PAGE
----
2014 IES Street and Area Lighting Conference
September 14-17, 2014 | Nashville, TN
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Results of modeling, experiments, and simulation of transmission of beam and diffuse daylight through straight circular light pipes with and without bends are presented. An analytic method is used in the development of an algorithm for tracing light rays that enter, are reflected from interior pipe surfaces, and eventually transmit from a pipe. Each bend section is modeled as a torus. For short straight pipes, the transmitted collimated rays at the exit ports form interesting geometrical patterns. Results from calculation of transmission of beam and diffuse daylight through straight pipes with and without bends match well with results from experiments. The paper also compares results from calculation of transmitted daylight illuminance when measured luminance of 145 standard sky zones are used to form entering rays, and when generated luminance of the same sky zones are used. The method presented is theoretical but lends itself to practical application.
Abstract—This paper analyzes the illuminance uniformity of 30 outdoor sports fields at various points in their service lives. The study was limited to the fields that employ 1500 W metal halide lamps with a rated life of 3000 hours. The sample was comprised of 12 soccer fields, 14 baseball fields, and 4 softball fields, all of which are owned and maintained by municipal parks and recreation departments. Five uniformity indices were computed for both measured illuminance and initial design calculations: maximum to minimum ratio (Max:Min), maximum to average ratio (Max:Ave), average to minimum ratio (Ave:Min), coefficient of variation (CV), and uniformity gradient (UG). Measured uniformity was rarely as good as the uniformity predicted by the design calculations. The uniformity of the baseball and softball fields was better with hours-of-use, with infields and outfields exhibiting similar trends. Max:Min, UG, and CV indices, as well as the illuminance of the transition area between infield and outfield, are suggested as key evaluation parameters. Group vs. spot lamp replacement, as-built vs. as-designed, dirt accumulation, and outgassing are factors that contribute to sports lighting uniformity.
X-ray computer tomography gained increasing interest last years, when it became affordable not only for medical applications. The diagnostic opportunities provided by X-ray computer tomography in end-of-life investigation of HID lamps are presented here. Limitations of this technique are discussed.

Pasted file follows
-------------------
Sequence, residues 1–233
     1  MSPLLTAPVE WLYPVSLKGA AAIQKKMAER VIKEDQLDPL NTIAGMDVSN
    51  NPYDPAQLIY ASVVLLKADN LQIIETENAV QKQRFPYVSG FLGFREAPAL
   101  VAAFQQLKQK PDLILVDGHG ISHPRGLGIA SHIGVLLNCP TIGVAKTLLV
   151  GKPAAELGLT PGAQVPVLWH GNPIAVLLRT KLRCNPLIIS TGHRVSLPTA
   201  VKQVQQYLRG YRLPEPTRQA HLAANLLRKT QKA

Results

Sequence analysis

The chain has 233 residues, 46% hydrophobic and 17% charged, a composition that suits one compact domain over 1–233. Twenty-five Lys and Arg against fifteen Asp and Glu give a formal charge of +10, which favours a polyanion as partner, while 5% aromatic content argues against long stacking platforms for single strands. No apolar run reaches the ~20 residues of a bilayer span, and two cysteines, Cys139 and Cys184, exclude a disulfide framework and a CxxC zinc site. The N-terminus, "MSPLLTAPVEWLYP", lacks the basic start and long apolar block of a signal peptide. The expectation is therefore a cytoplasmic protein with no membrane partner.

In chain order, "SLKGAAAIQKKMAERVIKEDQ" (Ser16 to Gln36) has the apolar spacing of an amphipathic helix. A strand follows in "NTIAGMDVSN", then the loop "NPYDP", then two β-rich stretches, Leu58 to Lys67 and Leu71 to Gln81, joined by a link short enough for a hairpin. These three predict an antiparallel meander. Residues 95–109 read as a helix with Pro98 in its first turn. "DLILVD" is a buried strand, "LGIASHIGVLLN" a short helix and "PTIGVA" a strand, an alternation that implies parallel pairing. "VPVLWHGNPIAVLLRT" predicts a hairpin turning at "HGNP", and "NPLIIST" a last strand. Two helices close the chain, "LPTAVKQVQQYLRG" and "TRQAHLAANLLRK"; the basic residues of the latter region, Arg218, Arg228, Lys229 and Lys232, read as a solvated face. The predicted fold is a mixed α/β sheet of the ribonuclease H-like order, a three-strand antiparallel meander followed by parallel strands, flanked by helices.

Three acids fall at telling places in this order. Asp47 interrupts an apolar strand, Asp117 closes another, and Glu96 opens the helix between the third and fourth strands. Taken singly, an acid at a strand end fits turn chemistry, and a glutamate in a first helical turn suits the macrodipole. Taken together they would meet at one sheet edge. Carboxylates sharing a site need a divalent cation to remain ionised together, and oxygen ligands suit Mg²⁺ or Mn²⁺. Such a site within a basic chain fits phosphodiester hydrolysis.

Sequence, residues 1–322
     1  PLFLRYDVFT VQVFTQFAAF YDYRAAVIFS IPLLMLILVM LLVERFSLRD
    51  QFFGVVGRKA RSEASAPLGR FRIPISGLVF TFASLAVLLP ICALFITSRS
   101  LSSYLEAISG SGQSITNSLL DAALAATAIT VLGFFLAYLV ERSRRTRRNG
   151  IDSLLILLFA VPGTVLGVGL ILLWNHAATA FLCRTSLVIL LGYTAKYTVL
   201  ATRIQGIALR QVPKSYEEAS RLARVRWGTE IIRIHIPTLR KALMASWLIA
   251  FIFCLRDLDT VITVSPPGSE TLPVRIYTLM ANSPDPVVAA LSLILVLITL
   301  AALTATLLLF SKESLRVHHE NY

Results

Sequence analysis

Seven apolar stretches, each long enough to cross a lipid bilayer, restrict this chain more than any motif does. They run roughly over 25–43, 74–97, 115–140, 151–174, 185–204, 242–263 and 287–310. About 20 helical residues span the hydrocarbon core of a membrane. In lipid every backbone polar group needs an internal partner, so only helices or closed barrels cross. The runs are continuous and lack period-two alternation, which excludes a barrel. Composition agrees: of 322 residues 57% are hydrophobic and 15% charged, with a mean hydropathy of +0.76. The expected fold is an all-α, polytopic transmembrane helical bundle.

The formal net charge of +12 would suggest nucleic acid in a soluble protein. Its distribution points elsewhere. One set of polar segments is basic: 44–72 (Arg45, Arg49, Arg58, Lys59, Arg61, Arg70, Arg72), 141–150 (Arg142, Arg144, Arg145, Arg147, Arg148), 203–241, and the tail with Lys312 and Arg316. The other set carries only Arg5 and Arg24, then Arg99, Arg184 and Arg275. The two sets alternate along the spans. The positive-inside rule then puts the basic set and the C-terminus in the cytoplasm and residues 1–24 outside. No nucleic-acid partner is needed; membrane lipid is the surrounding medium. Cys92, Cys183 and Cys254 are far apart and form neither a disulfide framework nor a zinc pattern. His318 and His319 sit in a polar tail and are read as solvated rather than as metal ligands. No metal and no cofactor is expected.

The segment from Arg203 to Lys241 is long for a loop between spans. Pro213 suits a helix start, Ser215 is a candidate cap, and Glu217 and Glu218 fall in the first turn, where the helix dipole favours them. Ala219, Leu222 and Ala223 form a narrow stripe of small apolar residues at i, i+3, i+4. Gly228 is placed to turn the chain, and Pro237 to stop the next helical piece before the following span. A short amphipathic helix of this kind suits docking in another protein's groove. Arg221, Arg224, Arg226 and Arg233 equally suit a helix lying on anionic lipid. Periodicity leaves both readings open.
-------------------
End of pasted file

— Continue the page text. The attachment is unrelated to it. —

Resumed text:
We describe two methods which rely on bidirectional scattering distribution functions (BSDFs) to model the daylighting performance of complex fenestration systems (CFS), enabling greater flexibility and accuracy in evaluating arbitrary assemblies of glazing, shading, and other optically-complex coplanar window systems. Two tools within Radiance enable a) efficient annual performance evaluations of CFS, and b) accurate renderings of CFS despite the loss of spatial resolution associated with low-resolution BSDF datasets for inhomogeneous systems. Validation, accuracy, and limitations of the methods are discussed.
SAE Recommended Practice J852 and ECE Regulations 119 and 48 for cornering lamps were compared. Photometric points described in each specification were then compared to naturalistic low-speed turn trajectories produced by 87 drivers. Future locations of a vehicle engaged in a turn were calculated based on the vehicle’s momentary position and speed, and the calculated time required to bring a vehicle to a complete stop. The angular offset and distance separating current and future positions were compiled to produce a map of useful preview positions—that is, positions relative to the current position of the vehicle that are far enough away to allow a driver to successfully stop if an object is first seen there. The distribution of preview positions shows strong concentrations between 30 and 35 degrees to the right or left of the current direction of travel. Geometric characteristics of this distribution were then compared to the geometry implied by the photometric minimum points indicated in the two specifications. Implications for path illumination during turns were discussed.